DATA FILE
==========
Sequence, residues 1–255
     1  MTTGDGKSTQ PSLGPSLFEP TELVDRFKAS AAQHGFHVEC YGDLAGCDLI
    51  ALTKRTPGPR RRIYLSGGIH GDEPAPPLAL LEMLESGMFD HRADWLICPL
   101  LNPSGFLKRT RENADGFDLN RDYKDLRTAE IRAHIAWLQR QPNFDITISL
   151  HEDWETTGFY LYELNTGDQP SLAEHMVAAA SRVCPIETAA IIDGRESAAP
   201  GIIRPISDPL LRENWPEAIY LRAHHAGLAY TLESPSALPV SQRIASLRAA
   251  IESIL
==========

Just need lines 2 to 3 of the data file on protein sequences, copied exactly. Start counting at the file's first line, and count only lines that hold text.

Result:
     1  MTTGDGKSTQ PSLGPSLFEP TELVDRFKAS AAQHGFHVEC YGDLAGCDLI
    51  ALTKRTPGPR RRIYLSGGIH GDEPAPPLAL LEMLESGMFD HRADWLICPL